The Encore III contract lacks certain specificities making the technically acceptable standard almost impossible to gauge, the vendors claimed. To the degree that the elements of the contract can be determined through DISA's description of its goals, the agency is requiring sophisticated IT competencies that are well in excess of standard, run-of-the-mill, commodity or commercial resources. Thus LPTA is inappropriate and DISA should use another method that recognizes qualitative differences among vendor competencies and results in the best value to the government.

In fact, the DISA proposal contemplates a material amount of complex work that falls outside of standard commercial resources, Booz Allen Hamilton said in its submission to GAO.

The outcome of the GAO review of the Encore III contract terms could have a significant impact on not only that contract, but on future federal government use of the LPTA standard. However, the vendors submitting the GAO complaints limited their discussion of the issue to their public filings.

The government should be careful in applying LPTA. While the method may be useful in some applications, inappropriate use carries risks, according to Katell Thielemann, a research director at Gartner.

"The last few years have created many undesirable situations for agencies and vendors alike as budgets were under pressure and agencies turned to options such as LPTA contracts. While this form of contracting works well when purchasing commoditized products or solutions, it has increasingly been used to fulfill more complex IT requirements, including engineering services, and very large scopes of work such as the multibillion-dollar Navy NGEN contract," she told the E-Commerce Times.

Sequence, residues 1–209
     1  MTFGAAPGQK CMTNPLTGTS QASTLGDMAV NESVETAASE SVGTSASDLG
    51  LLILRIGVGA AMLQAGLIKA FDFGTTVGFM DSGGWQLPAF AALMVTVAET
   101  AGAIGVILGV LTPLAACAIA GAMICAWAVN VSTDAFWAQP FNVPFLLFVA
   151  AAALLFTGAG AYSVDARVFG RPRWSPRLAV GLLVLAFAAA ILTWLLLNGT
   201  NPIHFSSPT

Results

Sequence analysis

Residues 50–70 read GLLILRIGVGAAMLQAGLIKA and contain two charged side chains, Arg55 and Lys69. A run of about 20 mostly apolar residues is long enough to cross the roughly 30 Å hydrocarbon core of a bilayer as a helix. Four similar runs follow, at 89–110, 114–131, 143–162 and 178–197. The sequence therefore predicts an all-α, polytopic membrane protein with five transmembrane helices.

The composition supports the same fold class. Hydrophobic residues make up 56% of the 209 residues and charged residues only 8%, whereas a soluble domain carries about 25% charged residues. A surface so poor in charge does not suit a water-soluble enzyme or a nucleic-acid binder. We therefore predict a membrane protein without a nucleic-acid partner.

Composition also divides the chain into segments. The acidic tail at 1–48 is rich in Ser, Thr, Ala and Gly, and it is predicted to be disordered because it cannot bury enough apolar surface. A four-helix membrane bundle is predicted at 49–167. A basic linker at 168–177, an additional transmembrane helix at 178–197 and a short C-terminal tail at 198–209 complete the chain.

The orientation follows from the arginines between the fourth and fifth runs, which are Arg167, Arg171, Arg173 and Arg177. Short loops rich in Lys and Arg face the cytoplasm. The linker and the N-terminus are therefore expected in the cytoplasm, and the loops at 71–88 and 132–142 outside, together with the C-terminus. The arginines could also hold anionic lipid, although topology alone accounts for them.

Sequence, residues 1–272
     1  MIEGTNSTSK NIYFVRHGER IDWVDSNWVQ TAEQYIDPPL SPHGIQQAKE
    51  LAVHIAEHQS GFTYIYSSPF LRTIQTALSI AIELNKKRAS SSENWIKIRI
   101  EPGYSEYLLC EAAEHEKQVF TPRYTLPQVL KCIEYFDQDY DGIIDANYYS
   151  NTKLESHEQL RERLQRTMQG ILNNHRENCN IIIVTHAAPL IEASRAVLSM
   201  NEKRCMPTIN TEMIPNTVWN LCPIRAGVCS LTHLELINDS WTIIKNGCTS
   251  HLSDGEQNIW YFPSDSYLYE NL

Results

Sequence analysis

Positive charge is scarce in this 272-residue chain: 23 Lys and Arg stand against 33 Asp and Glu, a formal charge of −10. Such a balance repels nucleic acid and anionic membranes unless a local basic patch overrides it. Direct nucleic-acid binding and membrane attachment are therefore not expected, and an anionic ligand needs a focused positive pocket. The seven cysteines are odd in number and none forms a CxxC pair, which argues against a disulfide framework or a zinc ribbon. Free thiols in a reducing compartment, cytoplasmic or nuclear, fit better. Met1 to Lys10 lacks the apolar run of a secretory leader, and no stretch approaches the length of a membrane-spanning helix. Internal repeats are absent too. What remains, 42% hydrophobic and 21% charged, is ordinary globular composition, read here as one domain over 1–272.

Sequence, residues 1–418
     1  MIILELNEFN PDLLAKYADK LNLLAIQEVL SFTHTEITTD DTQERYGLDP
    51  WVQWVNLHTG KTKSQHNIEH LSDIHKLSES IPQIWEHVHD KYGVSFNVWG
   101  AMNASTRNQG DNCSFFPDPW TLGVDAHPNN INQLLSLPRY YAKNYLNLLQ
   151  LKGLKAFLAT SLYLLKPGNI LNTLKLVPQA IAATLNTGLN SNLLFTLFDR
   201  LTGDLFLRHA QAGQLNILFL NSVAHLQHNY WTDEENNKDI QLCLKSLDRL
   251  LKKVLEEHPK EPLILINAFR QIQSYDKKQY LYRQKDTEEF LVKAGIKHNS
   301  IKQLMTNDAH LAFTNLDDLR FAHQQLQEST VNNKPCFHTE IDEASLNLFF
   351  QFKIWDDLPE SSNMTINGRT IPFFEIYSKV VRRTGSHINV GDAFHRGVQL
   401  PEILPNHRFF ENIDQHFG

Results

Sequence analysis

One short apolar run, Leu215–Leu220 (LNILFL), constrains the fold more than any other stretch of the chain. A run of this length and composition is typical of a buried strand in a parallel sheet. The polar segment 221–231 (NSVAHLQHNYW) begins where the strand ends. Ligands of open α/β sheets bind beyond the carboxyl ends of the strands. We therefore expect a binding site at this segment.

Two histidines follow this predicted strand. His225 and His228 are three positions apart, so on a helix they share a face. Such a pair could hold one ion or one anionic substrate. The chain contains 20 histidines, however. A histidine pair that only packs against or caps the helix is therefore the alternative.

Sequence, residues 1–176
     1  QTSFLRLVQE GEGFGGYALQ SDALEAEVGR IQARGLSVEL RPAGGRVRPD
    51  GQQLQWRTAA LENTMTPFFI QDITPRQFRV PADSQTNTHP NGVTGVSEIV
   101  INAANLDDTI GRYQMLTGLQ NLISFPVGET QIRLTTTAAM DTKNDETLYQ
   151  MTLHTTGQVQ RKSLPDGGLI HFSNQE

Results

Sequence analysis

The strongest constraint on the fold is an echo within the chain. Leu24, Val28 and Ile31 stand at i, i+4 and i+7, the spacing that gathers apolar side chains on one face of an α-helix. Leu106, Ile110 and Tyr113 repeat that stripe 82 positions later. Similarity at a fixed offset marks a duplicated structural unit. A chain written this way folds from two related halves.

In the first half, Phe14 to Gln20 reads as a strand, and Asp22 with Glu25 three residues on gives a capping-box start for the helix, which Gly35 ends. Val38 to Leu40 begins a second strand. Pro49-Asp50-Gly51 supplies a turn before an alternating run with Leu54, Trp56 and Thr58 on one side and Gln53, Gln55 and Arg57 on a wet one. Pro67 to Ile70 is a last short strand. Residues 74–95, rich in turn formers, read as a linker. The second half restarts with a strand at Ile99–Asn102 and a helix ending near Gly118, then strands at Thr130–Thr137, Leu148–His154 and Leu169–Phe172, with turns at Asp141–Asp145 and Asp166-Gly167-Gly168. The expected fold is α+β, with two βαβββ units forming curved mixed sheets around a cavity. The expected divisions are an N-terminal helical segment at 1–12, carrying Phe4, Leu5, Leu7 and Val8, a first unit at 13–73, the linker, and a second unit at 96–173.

"Under LPTA, agencies set a bar for what they are looking for -- usually pretty low or linked to requirements that do not allow for evaluation of any subjective factors from the agency program teams -- and automatically award to the vendor with the lowest price. It's a gamble for convenience against quality for an overworked acquisition workforce increasingly distanced from requirements and program outcomes," Thielemann added.

"Experience tells us that the risk for long-term issues is high when using LPTA as a source selection method for large IT service contracts, particularly one that will be used to support such a broad and complex modernization effort like the Joint Information Environment," said Deniece Peterson, director of federal industry analysis at Deltek.

The JIE is the current platform objective for upgrading the Defense Department's IT operations.

"The designation of LPTA as the evaluation criteria on Encore III at the contract level -- versus just the task-order level -- seems to reflect a high level of confidence on the part of DISA that the requirements are so well-defined and understood by industry that the risk is acceptable. In my experience, that's not typically true for even one of the performance areas under Encore III, let alone all of them," Peterson told the E-Commerce Times.

The DoD has appeared to acknowledge that lack of definition is a major issue related to Encore III.

"LPTA is appropriate where requirements are well defined; risk of unsuccessful contract performance is minimal; and there is no value, need or willingness to pay for higher performance," said Claire Grady, director of Defense Procurement and Acquisition Policy.

"There will be a considerable amount of scrutiny on Encore III as a test model," said Peterson. "If it works, it will likely serve as a model for others, and if it fails. other agencies will likely be gun shy about doing the same."

John K. Higgins is a career business writer, with broad experience for a major publisher in a wide range of topics including energy, finance, environment and government policy. In his current freelance role, he reports mainly on government information technology issues for ECT News Network.